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Re: [Tinycc-devel] make tcc reentrant

From: Forrest Curo
Subject: Re: [Tinycc-devel] make tcc reentrant
Date: Tue, 10 Dec 2019 18:16:08 -0800

The point I see to a reentrant compiler: You could use this as a compiling-interpreter. 

ie You could write program code into an ordered sequence of text boxes, run that code as-is, then potentially change that code and (if you chose) re-evaluate it as it was running.


On Tue, Dec 10, 2019 at 5:54 PM ag <address@hidden> wrote:
On Mon, Dec 09, at 03:33 Michael Matz wrote:
> Hi,
> On Sat, 7 Dec 2019, Christian Jullien wrote:
> > > 2) slower code: most of the time the indirection through a pointer
> >    variable (the state) in comparison to a direct access to a static
> >    variable doesn't matter.
> >
> > In fact, I experimented the opposite. When moving all global variables
> > to a struct, my Lisp was around 1% faster because globals are now close
> > together and more often accessible from L1 cache.
> They are equally close in the .data section/segment, as long as you put
> _all_ global data into that struct (which is what was proposed).  I do
> believe you that it was faster, merely pointing out that it probably had
> other reasons.
> Either way, I measured with TCC itself, not some other program with
> completely different behaviour.  Specifically the accesses to the token
> hash table from the pre-processor (tokenization is the slowest part in
> TCC, as it should be) currently needs only one register, because the
> address of that table is an immediate.  Just changing this to be a pointer
> (cached in a register), with otherwise similar code made the inner loop of
> tokenization measurably slower (though I don't remember the percentage
> anymore, but I was thinking "meeh").  The effect is that on x86-64 the
> computation either needs a slow addressing mode, or multiple instructions
> (which are dependend then), which alone caused this slowdown.
> Of course, we could decide that a (say) 2% slowdown in compilation speed
> is acceptable for the feature of multiple compiler states that don't have
> to interact.
> Or we could think long and hard about what we really want/need from our
> APIs and try to get both.  E.g. it's not clear that the token hash table
> really needs to become a non-singleton, even _if_ we'd allow multiple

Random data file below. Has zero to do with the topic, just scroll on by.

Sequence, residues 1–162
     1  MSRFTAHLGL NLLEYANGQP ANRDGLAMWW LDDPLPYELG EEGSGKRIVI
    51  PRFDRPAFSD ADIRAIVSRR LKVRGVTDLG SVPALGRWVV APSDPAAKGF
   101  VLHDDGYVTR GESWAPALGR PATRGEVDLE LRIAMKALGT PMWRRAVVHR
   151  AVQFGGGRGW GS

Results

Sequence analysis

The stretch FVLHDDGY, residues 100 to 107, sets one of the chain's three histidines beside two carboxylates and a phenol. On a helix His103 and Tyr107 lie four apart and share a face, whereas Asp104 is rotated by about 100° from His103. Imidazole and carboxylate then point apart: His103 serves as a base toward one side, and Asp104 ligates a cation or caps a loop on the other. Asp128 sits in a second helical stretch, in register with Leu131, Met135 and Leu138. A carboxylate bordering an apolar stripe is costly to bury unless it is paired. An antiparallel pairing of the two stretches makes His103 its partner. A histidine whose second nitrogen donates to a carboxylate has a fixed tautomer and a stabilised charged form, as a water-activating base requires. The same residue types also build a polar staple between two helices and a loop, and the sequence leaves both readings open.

> TCCState objects.  It's just that the update to the token hash must not be
> done concurrently.
> So, we could for instance allow and support multiple TCCStates but
> _without_ multi-threading.  Or (like grischka said) allow multi-threading,
> but only on the API level (and serialize internally).
> So, I think the latter is the solution with the most bang for the buck:
> allow multiple TCCStates, but don't necessarily move all global data into
> the state, under the assumption that at its core TCC remains
> single-threaded.
> We'd also still have to decide what multiple TCCStates really mean: e.g.
> I'd say this is only for compiling to memory.  That would mean that it's
> not really necessary for the code from different states to be generated
> into different sections.  Though finalization needs to be per state, so
> maybe it's unavoidable, but that needs to be tried.  There might be other
> global data (e.g. the memory allocator) that also could remain shared
> between different states.  (Again, all with the assumption that
> multi-threading is serialized high in the API level).

And at the end is always about mechanics and mechanism[s] (funny).

First is the tcc underlying machine. Should be fast. No compromises. Direct
access to the underlying physical machine. This is C and its property. We take
some risks we want results. Optimum results. Otherwise goto the abstraction.
C has almost no abstraction (probably is more like a tiny bits of convenience).

With multi-threading though, the underlying machine tcc code, should account for
side effects of the shared execution space, so adds even a tiny bit (and with the
best of efforts) of complexity. So that is not quite primitive and it seems like
a condradiction with the "direct access to the machine" thing. It's even is a bit
of odd, that tcc which is a C compiler, to use "second thoughts" in its C code.

But as (almost) always staring at the code reveals the answer. I never done threading,
i saw some and always look (oh well) complicated! (for the C way of thinking), as it
is perhaps the only code that scanning stops and the mind should start to think in an
unusual way.

State though can encapsulate all what they need to make them work without worries.
And since it is their data and their methods, and if at some point they sanitized
that data, perhaps they can feel more certain and could apply some optimizations
(e.g., uneeded conditional branches) and even gain some speed at the end.

But states could not let them without a supervisor or (anyway) is wise to implement
one. As Michael said, there is a need to think hard here to avoid complexity and
without loosing speed.  Compilation speed is all what matters to tcc (foremost) as a
development tool. Tcc compiles more than 15000 lines library code in a fraction of a
second, when gcc takes 19 and clang 24. When you only want to inspect some values
this can speed a whola lot of time the development process, as sometimes this can
gets really intensive and it might happens quite of times in the row. In (almost 2